Rowan plows through snow
Published 12:00 am Friday, February 27, 2015
By Mark Wineka
SALISBURY — Some people live for snow like this, and John Walters is one of them.
From 9 Wednesday night to well past noon Thursday, Walters sat in the cab of his Ford tractor with a plow attached and pushed away snow and slush at the Rowan County Airport.
The snow was no match for Walters’ tenacity. Dusty Mills also was helping much of the night.
“This is my cup of tea,” said Walters, who is retired but signed on at the airport because he loves to mow, too. “This is like mowing grass. It works out for me.”
By mid morning, the airport’s runway and taxiway were clear. Walters was pushing snow away from the biggest hangars, before moving onto the ramp.
Tom Graham, director of flight operations for Food Lion and a member of the airport advisory board, said that although Rowan County Airport was officially closed to takeoffs and landings Thursday morning, it could open quickly if it had to, thanks to the work Walters and Mills put in.
“This is a big deal,” Graham said, “that the county is so proactive in having the runway clear.”
The weight of the “heavy snow” — some 5 to 8 inches fell in Rowan County — was evident at the airport, Graham pointed to all the small planes tied down near the terminal whose tails had been pushed to the pavement by the weight of the snow.
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Thursday morning was like an awakening to a winter wonderland first, then the realization that there was work to do — shoveling drives and sidewalks, plowing streets and parking lots and fixing downed utility lines.
Salisbury Police said they had six calls to request the power companies for trees falling on utility lines or similar incidents from 8 p.m. Wednesday night through 10 a.m. Thursday. There were three minor vehicle accidents, one of which occurred Wednesday night.
Police responded to nine vehicle-related assists for motorists who may have either been stuck in a ditch or who needed to be towed to safety from 8 p.m. Wednesday night through 10 a.m. Thursday.
When asked how many wrecks the N.C. Highway Patrol responded to, officials could not determine a number.
Power was out for around 5,000 Duke Energy customers across Rowan County Thursday morning. The number was down to under 1,000 by mid-afternoon with the company estimating that everyone in the county would have their power restored by Thursday evening.
The eastern part of the county — East Spencer, Spencer, northeast Salisbury out Old Mocksville Road and Long Ferry Road toward High Rock Lake — had the majority of power outages.
Michelle Comer lost power in her Spencer home around 5:15 a.m. Thursday — it was back on by 11 a.m.
“We lit the gas logs to keep warm,” she said.
Power outages were also reported in China Grove, off Highway 152 west of Landis and the areas around Rockwell and Gold Hill.
Salisbury Fire Chief Bob Parnell said snow plows were running through the night Wednesday into Thursday. He said most of the city’s streets, including in residential neighborhoods, were in good shape by Thursday afternoon.
In a subdivision off Old Mocksville Road, a group of kids spent their snow day constructing a snowman that measured more than 4 feet high.
“It took a really long time,” Hurley Elementary student Jalen Britton said. His cousins, Aniya and Raymond Brown, joined in on the fun.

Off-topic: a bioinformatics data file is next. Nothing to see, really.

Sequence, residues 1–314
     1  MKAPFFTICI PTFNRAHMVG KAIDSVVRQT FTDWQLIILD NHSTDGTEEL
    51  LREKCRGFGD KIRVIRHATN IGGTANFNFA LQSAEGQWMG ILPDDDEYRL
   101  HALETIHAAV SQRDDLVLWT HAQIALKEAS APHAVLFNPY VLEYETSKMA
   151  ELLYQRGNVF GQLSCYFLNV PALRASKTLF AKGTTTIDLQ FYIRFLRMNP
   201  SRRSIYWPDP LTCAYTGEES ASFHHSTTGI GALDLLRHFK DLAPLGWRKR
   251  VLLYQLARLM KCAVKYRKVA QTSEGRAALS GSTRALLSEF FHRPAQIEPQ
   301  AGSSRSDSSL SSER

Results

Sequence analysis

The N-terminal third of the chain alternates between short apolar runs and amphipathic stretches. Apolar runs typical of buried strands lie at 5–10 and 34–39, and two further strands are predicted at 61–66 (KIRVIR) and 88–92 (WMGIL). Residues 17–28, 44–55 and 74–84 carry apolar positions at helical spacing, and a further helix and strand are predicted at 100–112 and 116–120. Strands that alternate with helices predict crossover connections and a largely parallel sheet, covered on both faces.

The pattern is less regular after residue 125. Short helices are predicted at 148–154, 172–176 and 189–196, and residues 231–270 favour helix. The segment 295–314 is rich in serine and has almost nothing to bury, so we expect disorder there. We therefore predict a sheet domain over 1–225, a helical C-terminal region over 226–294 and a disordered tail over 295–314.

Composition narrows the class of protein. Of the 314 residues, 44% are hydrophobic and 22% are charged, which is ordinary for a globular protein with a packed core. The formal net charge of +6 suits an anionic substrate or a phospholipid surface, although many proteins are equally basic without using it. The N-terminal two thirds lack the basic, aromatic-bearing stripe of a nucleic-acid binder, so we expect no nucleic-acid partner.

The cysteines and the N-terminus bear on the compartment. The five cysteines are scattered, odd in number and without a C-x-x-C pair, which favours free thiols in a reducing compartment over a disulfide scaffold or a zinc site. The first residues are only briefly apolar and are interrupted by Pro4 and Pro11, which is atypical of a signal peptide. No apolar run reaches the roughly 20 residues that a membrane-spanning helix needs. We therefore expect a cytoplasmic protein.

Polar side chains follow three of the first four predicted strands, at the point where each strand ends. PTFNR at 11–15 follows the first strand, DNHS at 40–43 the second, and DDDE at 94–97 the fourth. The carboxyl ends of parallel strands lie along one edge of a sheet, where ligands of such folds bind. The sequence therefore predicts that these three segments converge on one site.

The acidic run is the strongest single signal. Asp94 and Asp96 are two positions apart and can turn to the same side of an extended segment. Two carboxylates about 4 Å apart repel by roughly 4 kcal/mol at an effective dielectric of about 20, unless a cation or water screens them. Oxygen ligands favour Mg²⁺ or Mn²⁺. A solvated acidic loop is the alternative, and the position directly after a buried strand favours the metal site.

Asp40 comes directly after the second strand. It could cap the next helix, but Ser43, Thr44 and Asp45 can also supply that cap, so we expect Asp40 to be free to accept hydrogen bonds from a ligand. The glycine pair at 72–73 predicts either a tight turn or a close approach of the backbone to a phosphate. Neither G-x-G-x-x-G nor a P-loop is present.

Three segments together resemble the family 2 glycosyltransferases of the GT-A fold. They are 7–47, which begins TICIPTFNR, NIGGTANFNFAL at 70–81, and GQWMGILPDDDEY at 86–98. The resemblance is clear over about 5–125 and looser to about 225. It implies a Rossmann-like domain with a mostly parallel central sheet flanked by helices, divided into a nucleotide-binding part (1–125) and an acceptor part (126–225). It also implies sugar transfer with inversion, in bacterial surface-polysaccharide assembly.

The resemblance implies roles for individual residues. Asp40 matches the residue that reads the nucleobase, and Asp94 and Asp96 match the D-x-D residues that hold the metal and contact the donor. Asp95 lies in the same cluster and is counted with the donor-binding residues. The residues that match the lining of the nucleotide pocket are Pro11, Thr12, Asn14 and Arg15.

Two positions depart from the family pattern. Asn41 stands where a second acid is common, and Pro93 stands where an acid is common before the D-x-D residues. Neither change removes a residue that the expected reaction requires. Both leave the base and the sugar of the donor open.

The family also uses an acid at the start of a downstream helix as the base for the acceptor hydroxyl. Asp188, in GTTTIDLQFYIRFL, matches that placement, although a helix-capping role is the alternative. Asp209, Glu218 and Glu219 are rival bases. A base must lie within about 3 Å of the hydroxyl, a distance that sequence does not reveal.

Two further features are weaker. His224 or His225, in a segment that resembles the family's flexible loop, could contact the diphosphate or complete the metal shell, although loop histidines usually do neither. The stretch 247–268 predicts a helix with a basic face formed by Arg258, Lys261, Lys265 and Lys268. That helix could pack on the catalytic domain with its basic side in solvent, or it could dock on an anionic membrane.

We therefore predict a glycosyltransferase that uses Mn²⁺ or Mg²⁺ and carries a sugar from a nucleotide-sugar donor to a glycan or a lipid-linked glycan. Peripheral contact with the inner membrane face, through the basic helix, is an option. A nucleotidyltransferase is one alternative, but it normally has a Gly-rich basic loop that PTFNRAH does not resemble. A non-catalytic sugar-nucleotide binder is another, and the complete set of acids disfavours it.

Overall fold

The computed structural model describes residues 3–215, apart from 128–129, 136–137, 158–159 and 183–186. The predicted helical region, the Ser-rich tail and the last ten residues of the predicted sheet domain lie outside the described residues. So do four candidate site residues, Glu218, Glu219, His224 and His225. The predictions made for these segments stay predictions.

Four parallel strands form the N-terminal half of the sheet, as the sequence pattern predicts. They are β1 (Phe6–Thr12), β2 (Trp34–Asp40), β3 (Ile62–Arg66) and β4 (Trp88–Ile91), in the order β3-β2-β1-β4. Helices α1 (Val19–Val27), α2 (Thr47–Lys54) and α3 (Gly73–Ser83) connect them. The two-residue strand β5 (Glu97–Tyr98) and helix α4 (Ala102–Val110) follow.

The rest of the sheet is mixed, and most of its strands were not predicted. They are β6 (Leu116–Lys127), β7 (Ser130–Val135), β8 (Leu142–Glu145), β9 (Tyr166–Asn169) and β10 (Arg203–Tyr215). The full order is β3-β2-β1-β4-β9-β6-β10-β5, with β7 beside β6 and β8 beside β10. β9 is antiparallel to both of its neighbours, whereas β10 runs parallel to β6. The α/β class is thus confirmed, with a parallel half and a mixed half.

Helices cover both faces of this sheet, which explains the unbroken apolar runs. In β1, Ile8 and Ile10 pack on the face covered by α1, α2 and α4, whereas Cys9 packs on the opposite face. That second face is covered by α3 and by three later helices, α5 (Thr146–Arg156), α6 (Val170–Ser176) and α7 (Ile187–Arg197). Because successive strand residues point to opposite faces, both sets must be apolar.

“We used acorns for the mouth, a candle for the nose, and a lot of snow,” Jalen Britton said.
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Like John Walters, Lane Barnhardt and Rick Troutman, snow-plow drivers for L.I. Long Construction of Winston-Salem, already had put in a good 12-hour shift or longer by noon Thursday.
Long Construction serves as a contractor for the N.C. Department of Transportation during snow events such as this one, and Barnhardt and Troutman had been plowing Rowan County roads such as U.S. 70, Sherrills Ford Road and Woodleaf Road.
“It’s not really bad at all,” Troutman said about 10 a.m. when he and Barnhardt stopped to refuel at a gas station near the airport. “It’s getting warm enough now.”
Mike Deal knew about the weight of the snow as he shoveled an on-street space for his car on Carolina Avenue in Spencer.
“I’m out here shoveling in the snow that I’m not supposed to be shoveling,” Deal said, noting how his wife was worried about his heavy exertion. Deal said he had an uncle who died many years ago from a heart attack he suffered while shoveling snow.
“I’d just as soon go with a trickle of sweat going down my back,” Deal said of the wintry exercise. He already had walked up to Central United Methodist Church to retrieve Sunday’s church bulletins for folding back at his house.
Many Spencer residents were without power for several hours Thursday morning, but it returned for most by 11 a.m. Mark Crosley was loading a stockpile of wood at his brother-in-law’s house in Spencer, where Betty Rice pointed up to the limb of a maple tree which had snapped away, falling on a utility line.
Though her power was back, she and her husband had no television. When she called her TV provider, she was told “We don’t cut trees or limbs,” an answer which didn’t make Rice happy.
On Seventh Street in Spencer, 3-year-old Anthony Wilkie and his grandmother, Monica Hanson, were putting the finishing touches on a front-yard snowman. They used the lids from spray cans as eyes, tree branches for arms and a plastic handle for a nose.
When they were finished, little Anthony plopped down in the snow of front of their creation and made a snow angel.
“That’s OK,” Hanson said. “We don’t get snow too often.”
Reporters Shavonne Walker and David Purtell along with intern Megan Braun contributed to this story.